Project Number: 5020-22000-019-00-D
Project Type: In-House Appropriated
Start Date: May 3, 2018
End Date: May 2, 2023
Objective 1: Identify new sources of resistance to Hessian fly and aphids in cereal crops for use in breeding programs to reduce damage from these pests and associated pathogens. Sub-objective 1a. Identify germplasm accessions, from wheat and related species, that confer resistance to Hessian fly. Sub-objective 1b. Characterize effectiveness against Hessian fly of insecticidal and antifeedant proteins from wheat and other plant sources for potential use as transgenic resistance to pyramid with and protect native resistance loci. Sub-objective 1c. Identify and evaluate germplasm accessions that confer resistance to wheat against greenbug. Objective 2: Characterize and evaluate plant-pest interactions at the molecular level in cereals to improve methods of control for insect pests of wheat. Sub-objective 2a. Compare Hessian fly-wheat and greenbug-wheat interactions among different cereals/grasses to identify genes consistently associated with resistance, susceptibility, virulence and avirulence. Sub-objective 2b. Investigate timing and composition of overlapping resistance and susceptibility responses when both virulent and avirulent Hessian fly larvae inhabit the same wheat plant, as can happen in field infestations. Sub-objective 2c. Increased understanding of the molecular basis of the quadratrophic interactions between wheat, greenbug, Buchnera and viruses. Objective 3: Evaluate germplasm and regional insect populations to assist cereal breeders in selecting effective sources of resistance for their breeding programs. Sub-objective 3a. Evaluation of wheat breeding lines in regional uniform nursery tests.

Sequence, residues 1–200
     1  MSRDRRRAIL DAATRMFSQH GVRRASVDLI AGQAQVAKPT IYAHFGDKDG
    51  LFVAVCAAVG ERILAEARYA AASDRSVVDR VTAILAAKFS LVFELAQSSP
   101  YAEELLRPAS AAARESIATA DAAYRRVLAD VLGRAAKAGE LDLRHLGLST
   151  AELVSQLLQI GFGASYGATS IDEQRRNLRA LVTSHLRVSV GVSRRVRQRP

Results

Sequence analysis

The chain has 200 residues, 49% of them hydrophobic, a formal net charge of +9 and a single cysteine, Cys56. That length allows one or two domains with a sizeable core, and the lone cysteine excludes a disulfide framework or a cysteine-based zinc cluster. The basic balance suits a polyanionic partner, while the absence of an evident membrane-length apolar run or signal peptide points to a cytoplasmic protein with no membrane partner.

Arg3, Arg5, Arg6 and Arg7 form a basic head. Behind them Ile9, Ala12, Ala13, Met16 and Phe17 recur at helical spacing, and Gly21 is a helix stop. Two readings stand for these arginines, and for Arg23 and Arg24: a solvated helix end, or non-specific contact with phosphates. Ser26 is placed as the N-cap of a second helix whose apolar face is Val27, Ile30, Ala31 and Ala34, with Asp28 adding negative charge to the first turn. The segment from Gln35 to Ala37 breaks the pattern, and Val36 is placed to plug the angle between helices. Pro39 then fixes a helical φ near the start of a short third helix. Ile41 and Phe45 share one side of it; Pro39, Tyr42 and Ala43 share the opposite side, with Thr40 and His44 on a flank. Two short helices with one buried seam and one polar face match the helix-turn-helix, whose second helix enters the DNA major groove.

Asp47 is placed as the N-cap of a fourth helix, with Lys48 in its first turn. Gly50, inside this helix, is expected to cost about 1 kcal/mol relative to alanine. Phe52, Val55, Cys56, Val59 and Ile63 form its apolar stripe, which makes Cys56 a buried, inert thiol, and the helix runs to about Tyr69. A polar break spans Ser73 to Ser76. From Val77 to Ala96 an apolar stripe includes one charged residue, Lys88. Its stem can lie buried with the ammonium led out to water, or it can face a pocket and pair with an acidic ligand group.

Objective 1. Resistance phenotypes in new and under-utilized resistant wheat lines will be characterized using genotype-by-sequencing. Objective 2. The Hessian fly-wheat and greenbug-wheat interactions among different cereals/grasses will be used to identify genes consistently associated with resistance, susceptibility, virulence and avirulence. This will be accomplished by analyzing Illumina HiSeq time-course data of resistant, tolerant and susceptible wheat and the Hessian fly on those hosts. Genes of interest will be verified by quantitative real-time polymerase chain reaction (qRT-PCR). We will characterize the induction of susceptibility also known as obviation. Transcript profiling and qRT-PCR will quantify the abundance of transcripts leading to biomarker genes for compatible and incompatible interactions at a variety of timepoints. In wheat, gene expression differences when infested with aphids carrying barley yellow dwarf virus (BYDV) will be characterized by whole genome mRNA profiles using high throughput sequencing and qRT-PCR. Selected genes of interest that are significantly upregulated or down regulated in both the aphid and wheat will be examined further. Objective 3. To assist cereal breeders in selecting effective sources of resistance, we will evaluate germplasm and regional insect populations. New sources of germplasm containing resistance to Hessian fly will be identified using traditional screening procedures in a greenhouse setting. A variety of insect populations will be used to determine resistance and susceptibility of available wheat lines. The efficacy of resistance Rgene intervention will be assessed by comparing the change in frequency of phenotypic resistance to historical data.